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United Kingdom (UK) - Renting Property

People who are relocating to Great Britain or Northern Ireland usually need to find accommodation as soon as possible. Renting in the UK is the most common option for expats, especially short-term residents. There are some important things that every expat should know, such as the legal framework for tenants, from letting agents to giving notice.

For those who are not familiar with the rental market in the UK and would like some guidance, the best choice is to go through a letting agent. It is important to check that the agent is officially recognized. There are two different types of tenancies in the UK: those with a defined end date, and those that people just renew month on month.

Before moving in, it is important to check the inventory of everything in the house and the condition of the items inside. This keeps tenants covered when asking for their deposit back. Inrecent years, the market for renting in the UK is growing. The British house-buyer’s motto was "my home is my castle", but more and more Brits are renting their homes today. The prices for buying a house in the UK started to normalize over the last couple of years, but they continue to rise sharply in the most attractive areas, especially London. Young people often face less job security and strict conditions for mortgage loans from banks in the UK. For expatriates who want to rent in the UK, this also means more competition in the property market.

Council Housing

Local authorities across the UK provide public or social housing advertised in council offices or on their websites. While people can apply for council housing even if they don’t live in the area, waiting lists are often extremely long. Preference is given to candidates in need, like low-income tenants, families living in cramped quarters, or the disabled. As new residents from overseas, expats will probably need to find their new home on the private market.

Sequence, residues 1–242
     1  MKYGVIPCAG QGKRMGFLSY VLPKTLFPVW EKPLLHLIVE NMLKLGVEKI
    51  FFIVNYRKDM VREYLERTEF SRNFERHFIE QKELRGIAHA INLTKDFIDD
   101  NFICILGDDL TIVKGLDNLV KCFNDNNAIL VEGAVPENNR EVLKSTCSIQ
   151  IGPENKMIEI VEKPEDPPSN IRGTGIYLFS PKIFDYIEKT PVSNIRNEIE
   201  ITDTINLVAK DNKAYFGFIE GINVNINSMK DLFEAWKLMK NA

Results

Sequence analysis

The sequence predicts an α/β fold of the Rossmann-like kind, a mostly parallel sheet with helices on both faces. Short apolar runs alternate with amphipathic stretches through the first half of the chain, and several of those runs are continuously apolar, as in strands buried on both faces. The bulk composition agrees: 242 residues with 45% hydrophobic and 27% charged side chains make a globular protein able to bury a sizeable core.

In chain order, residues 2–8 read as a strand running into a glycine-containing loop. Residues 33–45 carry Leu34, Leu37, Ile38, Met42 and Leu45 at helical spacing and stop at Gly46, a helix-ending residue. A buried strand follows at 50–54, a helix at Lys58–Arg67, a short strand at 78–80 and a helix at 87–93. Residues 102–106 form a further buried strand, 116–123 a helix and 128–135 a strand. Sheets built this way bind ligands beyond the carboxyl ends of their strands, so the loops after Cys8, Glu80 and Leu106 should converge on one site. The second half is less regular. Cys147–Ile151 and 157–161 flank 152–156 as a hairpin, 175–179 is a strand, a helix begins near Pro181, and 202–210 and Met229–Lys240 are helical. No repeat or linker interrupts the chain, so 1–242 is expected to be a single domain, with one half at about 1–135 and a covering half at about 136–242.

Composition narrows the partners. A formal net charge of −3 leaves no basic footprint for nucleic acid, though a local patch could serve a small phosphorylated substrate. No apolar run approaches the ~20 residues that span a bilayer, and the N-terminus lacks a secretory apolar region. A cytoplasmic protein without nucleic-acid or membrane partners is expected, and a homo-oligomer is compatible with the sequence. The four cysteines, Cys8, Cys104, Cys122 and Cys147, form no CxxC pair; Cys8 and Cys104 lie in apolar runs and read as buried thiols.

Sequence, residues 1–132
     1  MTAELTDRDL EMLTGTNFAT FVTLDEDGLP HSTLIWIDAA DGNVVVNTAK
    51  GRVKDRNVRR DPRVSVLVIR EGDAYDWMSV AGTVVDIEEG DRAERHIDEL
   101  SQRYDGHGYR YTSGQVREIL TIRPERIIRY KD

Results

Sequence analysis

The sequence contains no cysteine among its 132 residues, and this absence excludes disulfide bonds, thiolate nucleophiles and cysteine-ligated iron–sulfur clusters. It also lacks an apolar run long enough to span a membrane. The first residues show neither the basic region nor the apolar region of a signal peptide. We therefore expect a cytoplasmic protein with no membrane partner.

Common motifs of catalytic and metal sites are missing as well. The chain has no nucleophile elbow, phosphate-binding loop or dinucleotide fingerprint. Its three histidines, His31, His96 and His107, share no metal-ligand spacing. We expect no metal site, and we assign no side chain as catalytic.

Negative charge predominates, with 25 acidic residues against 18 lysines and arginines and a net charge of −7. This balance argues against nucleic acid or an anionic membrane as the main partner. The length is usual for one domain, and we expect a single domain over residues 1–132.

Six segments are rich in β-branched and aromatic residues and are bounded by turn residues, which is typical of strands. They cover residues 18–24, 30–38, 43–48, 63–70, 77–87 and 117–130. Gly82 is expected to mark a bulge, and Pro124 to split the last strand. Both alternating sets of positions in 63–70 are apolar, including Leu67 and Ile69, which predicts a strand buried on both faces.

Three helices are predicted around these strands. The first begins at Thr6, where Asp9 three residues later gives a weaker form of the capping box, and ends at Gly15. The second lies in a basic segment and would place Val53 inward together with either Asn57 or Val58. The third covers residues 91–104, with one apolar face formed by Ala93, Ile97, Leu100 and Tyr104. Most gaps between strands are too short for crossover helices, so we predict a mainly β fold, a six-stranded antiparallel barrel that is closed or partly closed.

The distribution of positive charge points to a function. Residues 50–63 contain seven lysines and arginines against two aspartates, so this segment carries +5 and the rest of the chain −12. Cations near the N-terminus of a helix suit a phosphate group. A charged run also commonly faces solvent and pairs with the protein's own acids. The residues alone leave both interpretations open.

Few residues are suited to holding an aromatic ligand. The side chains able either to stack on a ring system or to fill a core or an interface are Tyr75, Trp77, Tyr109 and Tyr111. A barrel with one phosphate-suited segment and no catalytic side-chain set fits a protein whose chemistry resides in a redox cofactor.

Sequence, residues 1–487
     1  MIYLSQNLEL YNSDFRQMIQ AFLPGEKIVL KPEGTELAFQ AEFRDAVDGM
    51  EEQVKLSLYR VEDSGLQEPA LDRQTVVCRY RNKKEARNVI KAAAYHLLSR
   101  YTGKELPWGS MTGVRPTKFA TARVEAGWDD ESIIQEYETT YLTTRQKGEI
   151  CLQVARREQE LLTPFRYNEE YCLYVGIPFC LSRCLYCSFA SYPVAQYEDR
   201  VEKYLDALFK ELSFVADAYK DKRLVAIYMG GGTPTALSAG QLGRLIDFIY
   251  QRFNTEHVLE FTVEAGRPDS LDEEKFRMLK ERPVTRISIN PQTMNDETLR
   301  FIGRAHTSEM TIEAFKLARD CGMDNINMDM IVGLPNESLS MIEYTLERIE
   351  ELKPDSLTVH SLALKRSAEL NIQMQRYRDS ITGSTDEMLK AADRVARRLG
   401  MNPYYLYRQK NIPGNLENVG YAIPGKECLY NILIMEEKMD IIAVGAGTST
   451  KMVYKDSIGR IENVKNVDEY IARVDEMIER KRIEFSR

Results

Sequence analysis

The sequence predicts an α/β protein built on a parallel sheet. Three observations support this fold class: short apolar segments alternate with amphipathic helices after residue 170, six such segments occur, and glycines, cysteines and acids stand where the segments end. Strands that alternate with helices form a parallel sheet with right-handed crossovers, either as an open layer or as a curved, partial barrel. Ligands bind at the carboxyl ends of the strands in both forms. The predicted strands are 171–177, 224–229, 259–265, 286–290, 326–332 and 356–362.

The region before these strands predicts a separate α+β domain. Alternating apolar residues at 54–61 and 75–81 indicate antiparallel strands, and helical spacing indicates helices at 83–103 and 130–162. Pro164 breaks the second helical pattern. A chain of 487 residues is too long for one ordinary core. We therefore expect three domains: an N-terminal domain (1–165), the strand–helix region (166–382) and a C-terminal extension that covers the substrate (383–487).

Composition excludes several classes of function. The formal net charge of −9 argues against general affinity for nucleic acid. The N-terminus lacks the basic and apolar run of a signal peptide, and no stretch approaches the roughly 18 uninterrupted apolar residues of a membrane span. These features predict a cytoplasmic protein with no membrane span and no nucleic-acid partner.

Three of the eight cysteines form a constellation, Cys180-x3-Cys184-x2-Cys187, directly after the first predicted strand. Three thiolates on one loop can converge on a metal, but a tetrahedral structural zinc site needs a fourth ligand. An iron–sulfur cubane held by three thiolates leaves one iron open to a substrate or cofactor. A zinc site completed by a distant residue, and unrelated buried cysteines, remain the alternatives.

Letting Agents

On the private market, landlords have the option to advertise a property for renting in the UK directly, or by employing a "letting agent", a real estate agency. Anyone can become a letting agent, so additional caution is highly advised. It's smart to check if the agency belongs to a professional association, such as the National Association of Estate Agents or the Association of Residential Letting Agents. It is always expected to pay a commission, as well as additional fees for credit reference checks, for concluding the tenancy agreement, or for a property inventory check.

The Tenancy Agreement

When you find a home, it’s time to sign the tenancy agreement. These agreements should be studied carefully, even the small print. As agreements for renting in the UK can be made orally, but these are not legally binding, it is very important to get a written contract. Otherwise, potential future disputes with a landlord might be impossible to solve.

In general, the tenancy agreement should contain the following information:

- names and contact details of all parties involved
- the address
- rental fees